I’m extending this framework beyond creative work, almost to all of life, where in some ways it begins to break down, but I still find it to be a helpful framework. I’m disappointed in myself because I have high standards for myself. To hit those high standards, there’s nothing I can do but keep pushing myself towards them, to embrace my failures and perceived shortcomings and just keep going.
In the course of my discussion, I realized that there was one thing in which I felt I had achieved some level of excellence: running. When I joined my old school’s Cross Country team in 9th grade and Andover’s in 10th grade, it was another thing that I wasn’t even good at, with a 24 minute 5K PR. In my junior year, I dropped twenty pounds and three minutes off of my PR. The cutoff for JV was around 19 minutes, a target I mostly dismissed as beyond me, but another goal appeared to be within reach, that of running a half-marathon before I finished high school. I googled half-marathon training plans and adapted them for my own use, finding routes through the streets of Hong Kong, Ningbo, and Xuxhang, getting up at or before sunrise to beat the Chinese heat or the lethargy of the day in New York. I ramped up the mileage week after week, one day a week also running a 10K (one full loop of Central Park) as fast as I could, using this as a metric of my fitness. In August, I did it, completing two loops of Central Park and hitting the 13.1 mile mark in less than an hour and 45 minutes.
It turns out that nothing improves 5K times like mileage. My 10K pace dropped beneath my previous 5K PR. My senior season back on the team, I PR’d at just about 18 flat, consistently finishing as our second or third JV runner. At an early season invitational, I finished third out of the entire JV race, winning a pumpkin; at the championships, I finished in the top twenty of all the league’s JV runners.
Something felt so right about running: the fact that I could throw my entire body into it, my entire being into it; the purity, the competition, the comrardrie, the physical intensity. On a college application, I wrote:
For the past three years I’ve been a member of Andover’s Cross Country team. Every day after classes in the fall I put on running shoes and joined the team on the lawn to warm up for the day’s workout. Whether it’s a hard track workout in the pouring rain, a pre-sunrise long run on a summer day, or fueled by adrenaline, charging off the line at the crack of a gunshot, when I run I feel liberated: empowering and empowered by the teammates by my side, pushing ourselves to our limits and setting them ever higher.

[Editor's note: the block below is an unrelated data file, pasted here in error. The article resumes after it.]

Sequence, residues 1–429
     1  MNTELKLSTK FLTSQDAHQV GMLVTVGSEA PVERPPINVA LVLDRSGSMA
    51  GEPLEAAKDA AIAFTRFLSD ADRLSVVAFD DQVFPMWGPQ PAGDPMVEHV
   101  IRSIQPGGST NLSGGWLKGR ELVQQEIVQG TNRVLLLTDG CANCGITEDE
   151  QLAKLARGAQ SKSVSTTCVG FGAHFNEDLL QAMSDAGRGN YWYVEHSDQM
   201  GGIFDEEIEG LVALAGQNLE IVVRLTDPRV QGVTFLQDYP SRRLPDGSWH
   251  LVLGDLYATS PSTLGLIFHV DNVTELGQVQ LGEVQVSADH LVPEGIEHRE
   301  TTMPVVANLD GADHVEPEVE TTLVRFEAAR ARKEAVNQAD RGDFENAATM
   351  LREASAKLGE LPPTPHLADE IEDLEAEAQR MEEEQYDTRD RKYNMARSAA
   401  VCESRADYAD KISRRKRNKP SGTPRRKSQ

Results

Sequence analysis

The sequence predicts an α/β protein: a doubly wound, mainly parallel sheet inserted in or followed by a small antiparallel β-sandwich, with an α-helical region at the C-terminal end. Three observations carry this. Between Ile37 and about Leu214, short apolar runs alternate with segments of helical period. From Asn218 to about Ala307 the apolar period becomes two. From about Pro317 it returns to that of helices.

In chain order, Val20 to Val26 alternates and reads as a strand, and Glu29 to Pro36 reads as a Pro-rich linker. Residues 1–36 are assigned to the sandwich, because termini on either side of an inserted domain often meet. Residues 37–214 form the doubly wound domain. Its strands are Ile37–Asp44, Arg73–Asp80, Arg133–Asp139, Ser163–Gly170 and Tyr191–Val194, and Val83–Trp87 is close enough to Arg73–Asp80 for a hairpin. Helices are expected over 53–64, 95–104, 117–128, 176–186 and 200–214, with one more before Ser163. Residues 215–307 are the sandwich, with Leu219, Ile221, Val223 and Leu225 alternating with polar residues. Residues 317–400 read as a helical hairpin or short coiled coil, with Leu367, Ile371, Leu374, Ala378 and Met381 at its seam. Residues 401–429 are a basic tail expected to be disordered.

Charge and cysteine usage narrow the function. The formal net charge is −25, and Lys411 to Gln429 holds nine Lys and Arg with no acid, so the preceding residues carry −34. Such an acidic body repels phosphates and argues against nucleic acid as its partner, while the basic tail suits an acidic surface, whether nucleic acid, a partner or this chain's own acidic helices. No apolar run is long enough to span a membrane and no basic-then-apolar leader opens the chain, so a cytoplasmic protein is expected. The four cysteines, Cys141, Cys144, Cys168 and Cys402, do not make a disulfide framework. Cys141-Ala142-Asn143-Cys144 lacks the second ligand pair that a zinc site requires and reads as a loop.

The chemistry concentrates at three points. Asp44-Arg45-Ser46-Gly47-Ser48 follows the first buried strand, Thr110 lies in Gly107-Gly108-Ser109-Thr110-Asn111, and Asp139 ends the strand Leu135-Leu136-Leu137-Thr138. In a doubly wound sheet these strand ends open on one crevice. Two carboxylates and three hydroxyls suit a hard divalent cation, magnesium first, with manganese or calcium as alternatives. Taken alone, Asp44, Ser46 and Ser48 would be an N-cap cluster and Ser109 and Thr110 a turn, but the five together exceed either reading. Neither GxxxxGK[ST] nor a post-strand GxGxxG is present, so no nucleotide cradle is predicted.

Ironically, I feel most liberated and empowered when I’m charging down a set path, ultimately going in a circle, with no goal other than to end up exactly where I started in as little time as possible. But this liberation, I believe, is the closest I’ve ever gotten to Ben Platt’s dedication, to Paul Kalanithi’s perfection, to what I desire in all my other pursuits and eventually in life: a sense of extreme focus, purpose, and excellence. I got here not from any special talent, or advice, or program, but just from my own perseverance; in fact, it came from forgetting about excellence (5K time) entirely and just focusing on mileage, improving through volume and repetition as Ira Glass says, refusing to stop plodding down the time-skill curve plateau until I reach the next rise. I don’t know what lies ahead or how I’ll get there, but I believe that the road goes on, and I just have to keep journeying, fighting through the plateaus or even regressions until I can eventually enjoy the next rise, the next high, the next view.
This post started as an appreciation post for Ben Platt. It turned into an appreciation for excellence and all that it means, and then for running as a personally poignant experience. It’s a hodgepodge survey of the questions that matter the most to me — how do I find meaning and purpose in life? what do I consider excellence or success? — jumping off of a particularly impactful New York Times article and drawing on a conversation and a meaningful quote. It’s my first big personal blog post, and I hope to explore these ideas and their sources in more posts to come.
Google Play Music records me as having listened through the entire album 5 times, 6 after writing this article. ↩
from personal experience and from books like J. M. Coeztee’s Waiting for the Barbarians, Chimamanda Ngozi Adichie’s Purple Hibiscus, and Ocean Vuong’s On Earth We Are Briefly Gorgeous. ↩